These dynamics have brought the world's new masters into the limelight. Who are they? In some serious communications media, information, reports and surveys have appeared about the ten most influential people or the thirty or forty most powerful people in the world today. And not one of them is a politician; none was elected by the people. They are almost exclusively business leaders or owners of immense media conglomerates or, in the best of cases, media or media-cultural personalities. It is a sign that the hierarchy of power has changed. At the top now is economic power, followed by the media, with political power coming in third. This clearly puts the value of democracy today into question.

What does this new world configuration mean for the citizenry's democratic participation? Citizens have two democratic ways to intervene in the social debate: through their vote and through the ways the Constitution grants to express ideas and to protest. But today, even when citizens use these two legitimate ways to express themselves, the only thing they can modify is the political configuration. But if politicians can no longer really intervene in either of the two areas that are most influential in the concrete life of citizens—communication and the market—it means that the current democracies are powerless, that their effectiveness has been amputated. This obvious conclusion is extremely dangerous for the very functioning of democracy. It moves us toward what we will be able to see re-emerging in the societies that deny democracy its legitimacy as a system capable of self-regulation and self-transformation and of continually improving society.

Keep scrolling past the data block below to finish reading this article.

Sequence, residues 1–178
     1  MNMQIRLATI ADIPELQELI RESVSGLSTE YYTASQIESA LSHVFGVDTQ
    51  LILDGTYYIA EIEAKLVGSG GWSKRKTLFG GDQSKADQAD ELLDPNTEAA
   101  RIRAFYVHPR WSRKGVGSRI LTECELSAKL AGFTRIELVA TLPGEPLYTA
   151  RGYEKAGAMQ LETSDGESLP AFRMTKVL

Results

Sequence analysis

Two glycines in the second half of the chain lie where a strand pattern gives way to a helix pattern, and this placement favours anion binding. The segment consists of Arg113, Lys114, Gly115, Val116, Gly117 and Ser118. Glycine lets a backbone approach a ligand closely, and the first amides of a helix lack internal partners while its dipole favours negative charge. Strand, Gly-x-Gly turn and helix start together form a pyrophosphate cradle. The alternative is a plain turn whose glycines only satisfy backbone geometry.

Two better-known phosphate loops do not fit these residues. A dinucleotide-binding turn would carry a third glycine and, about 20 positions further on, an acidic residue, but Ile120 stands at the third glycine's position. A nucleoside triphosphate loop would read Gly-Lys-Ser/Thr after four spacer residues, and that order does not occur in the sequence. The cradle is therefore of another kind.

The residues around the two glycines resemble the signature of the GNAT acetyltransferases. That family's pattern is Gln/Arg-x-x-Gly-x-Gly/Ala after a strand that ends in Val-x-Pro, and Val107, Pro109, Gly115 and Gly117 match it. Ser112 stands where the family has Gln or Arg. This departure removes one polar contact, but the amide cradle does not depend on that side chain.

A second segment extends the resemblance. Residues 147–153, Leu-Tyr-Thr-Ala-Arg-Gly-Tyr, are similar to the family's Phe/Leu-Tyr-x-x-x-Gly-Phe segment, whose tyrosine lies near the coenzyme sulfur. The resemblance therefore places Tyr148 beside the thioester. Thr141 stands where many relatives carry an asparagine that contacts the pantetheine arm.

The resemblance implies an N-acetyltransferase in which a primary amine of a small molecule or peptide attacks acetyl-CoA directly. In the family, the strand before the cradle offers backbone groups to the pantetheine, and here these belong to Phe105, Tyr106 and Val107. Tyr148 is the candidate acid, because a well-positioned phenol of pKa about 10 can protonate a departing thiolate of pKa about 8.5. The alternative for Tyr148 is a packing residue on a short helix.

The major international policy players today are the financial markets. And the reality is that no political authority exercises direct influence over those markets. With the citizens of those states unable to intervene in them, those markets weigh very heavily on the reality and destiny of both peoples and states. This produces an imbalance between the way the world functions in reality and the way democracy functions in reality.

One-Line Thinking and The New Circle of Reason